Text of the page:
dicht

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Dutch[edit]

Pronunciation[edit]

  • IPA(key): /dɪxt/
  • (file)
  • Hyphenation: dicht
  • Rhymes: -ɪxt

Etymology 1[edit]

From Middle Dutch dicht, from Old Dutch *thīht, from Proto-West Germanic *þį̄ht(ī), from Proto-Germanic *þinhtaz. Cognate with English tight and German dicht (dense).

Adjective[edit]

dicht (comparative dichter, superlative dichtst)

  1. thick, tight, dense
  2. close
    „Wie vorig jaar zijn woning verkocht, kreeg een prijs die relatief dicht bij de oorspronkelijke vraagprijs lag”, staat in het onderzoek. — “Who in the previous year sold his home, obtained a price that lay relatively close to the original asking price,” stated the research paper.
    (Het Algemeen Dagblad, 5 January 2007)
  3. closed, shut
    Ik spring lachend in het diepe met m'n ogen dicht. — I jump laughing into the deep with my eyes shut. (Marco Borsato ft. Sita – Lopen Op Het Water)
Inflection[edit]
Inflection of dicht
uninflected dicht
inflected dichte
comparative dichter
positive comparative superlative
predicative/adverbial dicht dichter het dichtst
het dichtste
indefinite m./f. sing. dichte dichtere dichtste
n. sing. dicht dichter dichtste
plural dichte dichtere dichtste
definite dichte dichtere dichtste
partitive dichts dichters
Antonyms[edit]
Derived terms[edit]
Descendants[edit]
  • Afrikaans: dig

Etymology 2[edit]

From Middle Dutch dicht. See the verb dichten (to compose a poem).

Noun[edit]

dicht n (plural dichten, diminutive dichtje n)

  1. (literary) poem
  2. (archaic, literary) poetry
    Antonym: ondicht
Derived terms[edit]

Etymology 3[edit]

See the etymology of the corresponding lemma form.

Verb[edit]

dicht

  1. first-, second- and third-person singular present indicative of dichten
  2. imperative of dichten

German[edit]

Pronunciation[edit]

Etymology 1[edit]

From Middle High German dīchte, from Old High German *dīhti, from Proto-West Germanic *þį̄ht(ī), from Proto-Germanic *þinhtaz.

The modern vocalism is from Middle Low German dicht(e) with Low German shortening before -cht (compare German leicht and German Low German licht). The expected form deicht is attested in early modern German. Cognate with Dutch dicht, English tight.

Adjective[edit]

dicht (strong nominative masculine singular dichter, comparative dichter, superlative am dichtesten)

  1. thick, tight, dense
    • 2010, Der Spiegel[1], volume 33/2010, page 31:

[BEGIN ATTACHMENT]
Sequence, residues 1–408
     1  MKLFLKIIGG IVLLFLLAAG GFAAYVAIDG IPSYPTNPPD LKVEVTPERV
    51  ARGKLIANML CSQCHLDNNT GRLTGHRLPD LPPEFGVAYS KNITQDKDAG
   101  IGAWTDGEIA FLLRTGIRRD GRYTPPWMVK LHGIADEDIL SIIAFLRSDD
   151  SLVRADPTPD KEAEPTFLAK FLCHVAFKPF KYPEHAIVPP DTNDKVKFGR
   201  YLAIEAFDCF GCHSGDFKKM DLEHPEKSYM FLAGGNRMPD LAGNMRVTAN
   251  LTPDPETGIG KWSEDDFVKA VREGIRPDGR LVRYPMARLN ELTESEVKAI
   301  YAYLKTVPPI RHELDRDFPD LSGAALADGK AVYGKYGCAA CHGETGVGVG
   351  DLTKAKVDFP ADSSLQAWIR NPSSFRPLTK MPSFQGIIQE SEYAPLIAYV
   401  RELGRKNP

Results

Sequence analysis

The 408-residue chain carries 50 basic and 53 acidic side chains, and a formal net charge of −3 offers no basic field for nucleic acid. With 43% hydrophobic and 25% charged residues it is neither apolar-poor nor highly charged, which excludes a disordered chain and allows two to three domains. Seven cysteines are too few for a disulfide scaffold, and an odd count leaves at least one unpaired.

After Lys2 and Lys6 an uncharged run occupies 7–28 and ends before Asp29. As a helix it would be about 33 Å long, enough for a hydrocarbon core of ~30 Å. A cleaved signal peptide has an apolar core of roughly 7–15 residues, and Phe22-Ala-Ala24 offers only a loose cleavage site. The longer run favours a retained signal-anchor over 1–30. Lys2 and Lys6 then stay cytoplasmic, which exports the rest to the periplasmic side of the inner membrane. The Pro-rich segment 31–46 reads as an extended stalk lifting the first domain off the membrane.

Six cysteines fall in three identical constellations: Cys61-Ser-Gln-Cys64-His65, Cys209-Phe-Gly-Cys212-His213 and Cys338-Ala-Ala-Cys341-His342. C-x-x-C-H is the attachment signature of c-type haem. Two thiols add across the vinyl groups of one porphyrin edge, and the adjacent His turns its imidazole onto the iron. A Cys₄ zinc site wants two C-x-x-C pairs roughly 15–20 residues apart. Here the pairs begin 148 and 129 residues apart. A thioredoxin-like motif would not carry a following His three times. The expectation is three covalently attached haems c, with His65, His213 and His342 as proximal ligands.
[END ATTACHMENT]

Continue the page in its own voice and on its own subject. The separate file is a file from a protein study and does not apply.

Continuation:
Baschir trägt einen dichten Bart, der einzig die Partie zwischen der Oberlippe und seiner großen Nase ausspart.
      Baschir wears a dense beard, which only leaves out the part between the upper lip and his big nose.
  2. impermeable, sealed, shut, locked (preventing passage or entrance)
  3. (with bei or an) close to
  4. (colloquial) intoxicated
Declension[edit]
Derived terms[edit]

Adverb[edit]

dicht

  1. closely

Etymology 2[edit]

Verb[edit]

dicht

  1. singular imperative of dichten
  2. (colloquial) first-person singular present of dichten

Further reading[edit]

  • dicht” in Digitales Wörterbuch der deutschen Sprache
  • dicht” in Uni Leipzig: Wortschatz-Lexikon
  • dicht” in Duden online

Luxembourgish[edit]

Etymology 1[edit]

From Middle High German dīhte, from Old High German *dīhti, from Proto-West Germanic *þį̄ht(ī), from Proto-Germanic *þinhtaz.

The variant diicht is inherited; the form with a short vowel is influenced by German dicht, itself influenced by Middle Low German dicht (alongside obsolete German deicht). Cognate with Dutch dicht, English tight.

Alternative forms[edit]

Pronunciation[edit]

Adjective[edit]

dicht (masculine dichten, neuter dicht, comparative méi dicht, superlative am dichtsten)

  1. dense
  2. impermeable; watertight

Etymology 2[edit]

Verb[edit]

dicht

  1. inflection of dichten:
    1. third-person singular present indicative
    2. second-person plural present indicative
    3. second-person singular/plural imperative

Pennsylvania German[edit]

Etymology[edit]

From Middle High German dīchte, from Old High German *dīhti, from Proto-West Germanic *þį̄ht(ī), from Proto-Germanic *þinhtaz. Compare German dicht, Dutch dicht, English tight.

Adjective[edit]

dicht

  1. dense
  2. close, nearby

Scots[edit]

Verb[edit]

dicht

  1. (transitive) To wipe.